a public key is a large numerical value that is used to encrypt data In cryptography. The key can be generated by a software program, but it is more commonly provided by a trusted, designated authority and made available to all via a publicly accessible repository or directory. Scroll down for more details on how public keys work for cryptocurrencies.
What is a Public Key?
The public key is a one-of-a-kind personal address that is shared by all blockchain participants. It is a piece of cryptographic code that enables users to receive cryptocurrency into their accounts. The tools required to ensure the security of the crypto economy are the public key and the private key.
Unreadable messages are converted into unreadable formats by encrypting them with a public key, which is a cryptographic code generated by asymmetric-key encryption techniques.
Because the Bitcoin public key is such a long string of digits, it is compressed and truncated in the Bitcoin protocol to generate the public address. If the owner’s public key is lost or misplaced, the private key can be used to recreate it.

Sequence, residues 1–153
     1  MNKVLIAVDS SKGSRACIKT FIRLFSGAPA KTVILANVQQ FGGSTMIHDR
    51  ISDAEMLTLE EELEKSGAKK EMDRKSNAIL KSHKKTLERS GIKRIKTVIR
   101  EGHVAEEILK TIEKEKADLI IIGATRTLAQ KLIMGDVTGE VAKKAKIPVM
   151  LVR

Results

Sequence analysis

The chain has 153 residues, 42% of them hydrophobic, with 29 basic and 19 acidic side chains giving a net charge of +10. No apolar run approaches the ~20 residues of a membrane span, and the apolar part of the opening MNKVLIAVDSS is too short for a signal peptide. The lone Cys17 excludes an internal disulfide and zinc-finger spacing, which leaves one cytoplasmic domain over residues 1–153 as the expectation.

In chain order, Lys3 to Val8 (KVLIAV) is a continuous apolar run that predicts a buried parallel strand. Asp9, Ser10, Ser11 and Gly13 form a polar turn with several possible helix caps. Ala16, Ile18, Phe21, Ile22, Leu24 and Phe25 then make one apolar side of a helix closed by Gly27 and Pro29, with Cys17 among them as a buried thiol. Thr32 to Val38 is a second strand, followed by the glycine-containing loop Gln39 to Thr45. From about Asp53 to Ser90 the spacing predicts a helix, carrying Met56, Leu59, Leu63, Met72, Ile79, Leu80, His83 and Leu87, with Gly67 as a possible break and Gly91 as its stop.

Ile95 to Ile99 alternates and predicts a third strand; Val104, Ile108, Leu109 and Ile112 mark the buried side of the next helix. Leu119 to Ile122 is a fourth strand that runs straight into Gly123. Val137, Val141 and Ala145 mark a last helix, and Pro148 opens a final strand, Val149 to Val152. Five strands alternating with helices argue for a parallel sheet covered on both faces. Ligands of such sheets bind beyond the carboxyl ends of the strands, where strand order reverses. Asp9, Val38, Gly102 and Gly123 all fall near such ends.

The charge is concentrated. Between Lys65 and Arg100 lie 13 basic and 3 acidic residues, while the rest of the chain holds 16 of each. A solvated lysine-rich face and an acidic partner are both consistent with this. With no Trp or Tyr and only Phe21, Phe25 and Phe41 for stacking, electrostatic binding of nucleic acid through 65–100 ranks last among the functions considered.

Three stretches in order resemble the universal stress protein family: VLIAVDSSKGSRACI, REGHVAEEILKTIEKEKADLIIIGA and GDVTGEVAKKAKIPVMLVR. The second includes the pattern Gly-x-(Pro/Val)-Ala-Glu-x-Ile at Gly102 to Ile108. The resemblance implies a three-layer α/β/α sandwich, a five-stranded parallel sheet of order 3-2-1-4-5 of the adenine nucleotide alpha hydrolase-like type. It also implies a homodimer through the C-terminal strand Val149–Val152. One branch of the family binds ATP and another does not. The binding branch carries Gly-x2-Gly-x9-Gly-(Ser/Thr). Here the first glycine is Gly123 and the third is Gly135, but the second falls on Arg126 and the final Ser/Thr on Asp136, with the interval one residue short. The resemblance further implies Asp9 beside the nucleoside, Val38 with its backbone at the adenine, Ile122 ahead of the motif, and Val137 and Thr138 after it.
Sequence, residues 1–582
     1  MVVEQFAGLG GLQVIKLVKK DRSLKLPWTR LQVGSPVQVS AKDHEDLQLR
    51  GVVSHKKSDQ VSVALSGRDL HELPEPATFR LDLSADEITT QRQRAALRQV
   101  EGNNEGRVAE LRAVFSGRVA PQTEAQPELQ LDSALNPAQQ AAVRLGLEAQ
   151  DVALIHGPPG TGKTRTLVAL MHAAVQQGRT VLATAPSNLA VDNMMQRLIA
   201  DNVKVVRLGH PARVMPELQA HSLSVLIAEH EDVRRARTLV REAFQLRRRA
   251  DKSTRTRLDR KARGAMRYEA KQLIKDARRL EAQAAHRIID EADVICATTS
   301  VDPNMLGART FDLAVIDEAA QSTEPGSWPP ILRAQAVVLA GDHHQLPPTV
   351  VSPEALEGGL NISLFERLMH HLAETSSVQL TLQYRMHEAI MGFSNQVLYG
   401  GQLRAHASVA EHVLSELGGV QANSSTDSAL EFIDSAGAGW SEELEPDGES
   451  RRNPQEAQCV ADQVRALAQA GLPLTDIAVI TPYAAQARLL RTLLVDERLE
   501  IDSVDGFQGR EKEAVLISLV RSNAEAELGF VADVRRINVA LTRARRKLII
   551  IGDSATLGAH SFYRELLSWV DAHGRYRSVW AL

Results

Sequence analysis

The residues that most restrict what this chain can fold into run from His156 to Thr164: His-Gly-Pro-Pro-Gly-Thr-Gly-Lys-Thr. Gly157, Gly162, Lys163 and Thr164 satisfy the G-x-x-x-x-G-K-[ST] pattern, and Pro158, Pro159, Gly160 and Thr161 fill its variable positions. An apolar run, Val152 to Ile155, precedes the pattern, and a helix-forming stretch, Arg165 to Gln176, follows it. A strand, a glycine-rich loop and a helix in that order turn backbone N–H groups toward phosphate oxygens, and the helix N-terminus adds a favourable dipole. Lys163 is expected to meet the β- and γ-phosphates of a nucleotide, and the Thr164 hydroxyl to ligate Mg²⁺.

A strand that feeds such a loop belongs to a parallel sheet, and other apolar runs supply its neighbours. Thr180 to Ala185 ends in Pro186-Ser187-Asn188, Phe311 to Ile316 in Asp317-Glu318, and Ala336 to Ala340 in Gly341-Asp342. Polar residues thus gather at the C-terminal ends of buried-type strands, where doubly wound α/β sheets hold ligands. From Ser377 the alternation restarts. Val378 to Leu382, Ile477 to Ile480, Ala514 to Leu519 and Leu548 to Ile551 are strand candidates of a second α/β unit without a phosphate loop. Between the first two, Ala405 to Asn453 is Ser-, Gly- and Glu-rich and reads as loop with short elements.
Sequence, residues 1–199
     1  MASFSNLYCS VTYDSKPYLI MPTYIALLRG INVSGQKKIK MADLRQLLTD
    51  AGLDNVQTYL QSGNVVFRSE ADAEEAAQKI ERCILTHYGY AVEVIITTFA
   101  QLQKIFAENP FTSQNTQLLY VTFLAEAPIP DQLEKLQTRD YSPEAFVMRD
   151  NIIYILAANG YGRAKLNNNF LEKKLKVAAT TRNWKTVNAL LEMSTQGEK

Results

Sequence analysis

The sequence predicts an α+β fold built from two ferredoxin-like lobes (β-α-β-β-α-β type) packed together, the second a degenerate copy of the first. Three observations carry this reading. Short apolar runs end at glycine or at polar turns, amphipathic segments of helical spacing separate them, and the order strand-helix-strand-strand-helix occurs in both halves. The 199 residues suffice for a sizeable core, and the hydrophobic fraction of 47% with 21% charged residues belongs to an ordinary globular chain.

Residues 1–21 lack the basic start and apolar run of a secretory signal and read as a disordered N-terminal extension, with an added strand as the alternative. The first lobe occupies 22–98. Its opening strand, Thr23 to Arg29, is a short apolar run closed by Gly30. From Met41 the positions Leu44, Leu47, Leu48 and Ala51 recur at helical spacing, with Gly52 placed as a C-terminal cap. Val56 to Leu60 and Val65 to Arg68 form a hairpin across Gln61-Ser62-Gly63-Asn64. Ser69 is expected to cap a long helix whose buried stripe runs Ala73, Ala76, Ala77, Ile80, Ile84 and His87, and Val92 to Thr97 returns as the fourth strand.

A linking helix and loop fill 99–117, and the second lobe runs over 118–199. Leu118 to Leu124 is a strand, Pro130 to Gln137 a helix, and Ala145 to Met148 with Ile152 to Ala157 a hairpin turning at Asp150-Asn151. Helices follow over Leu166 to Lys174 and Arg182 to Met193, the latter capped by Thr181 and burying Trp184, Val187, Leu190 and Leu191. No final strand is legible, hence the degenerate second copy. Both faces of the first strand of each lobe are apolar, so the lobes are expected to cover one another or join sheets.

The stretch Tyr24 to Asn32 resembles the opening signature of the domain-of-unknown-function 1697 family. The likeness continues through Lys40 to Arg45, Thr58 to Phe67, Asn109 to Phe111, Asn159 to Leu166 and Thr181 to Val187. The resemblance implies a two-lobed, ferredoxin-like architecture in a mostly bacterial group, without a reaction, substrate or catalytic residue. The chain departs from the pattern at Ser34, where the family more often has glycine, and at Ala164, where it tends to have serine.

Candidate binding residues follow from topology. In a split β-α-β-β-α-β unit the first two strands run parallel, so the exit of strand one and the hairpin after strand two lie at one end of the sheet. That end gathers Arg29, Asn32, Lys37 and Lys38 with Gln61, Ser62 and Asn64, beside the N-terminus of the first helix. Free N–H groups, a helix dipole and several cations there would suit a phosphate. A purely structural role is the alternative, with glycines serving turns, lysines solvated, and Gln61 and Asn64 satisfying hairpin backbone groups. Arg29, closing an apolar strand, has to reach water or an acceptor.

A public key can also be used to encrypt a message or validate a digital signature. It comes with a corresponding private key that is only known to the owner. Private keys are used to decrypt messages encrypted with the corresponding public key or to sign documents. In other words, a public key prevents unauthorized access to data, while a private key is used to unlock it.
A certificate authority, which issues digital certificates that prove the owner’s identity and contain the owner’s public key, provides public keys. An asymmetric algorithm is used to generate public keys, which pair the public key with an associated private key. The most common algorithms used to generate public keys are Rivest-Shamir-Adleman, elliptic curve cryptography, and Digital Signature Algorithm.
How Public Keys Works
A cryptographic key is a mathematical algorithm used to encrypt or decrypt data that is implemented in software or hardware. It is a sequence of bits that is combined with data to form ciphertext. The cryptographic key can also be used to decrypt data and restore it to plaintext.
There are two kinds of cryptographic algorithms: symmetric and asymmetric. Symmetric key algorithms encrypt and decrypt information using a single key, whereas asymmetric cryptography uses two keys: a public key to encrypt messages and a private key to decode them.
The process for sending and receiving data via asymmetric cryptography typically consists of five steps: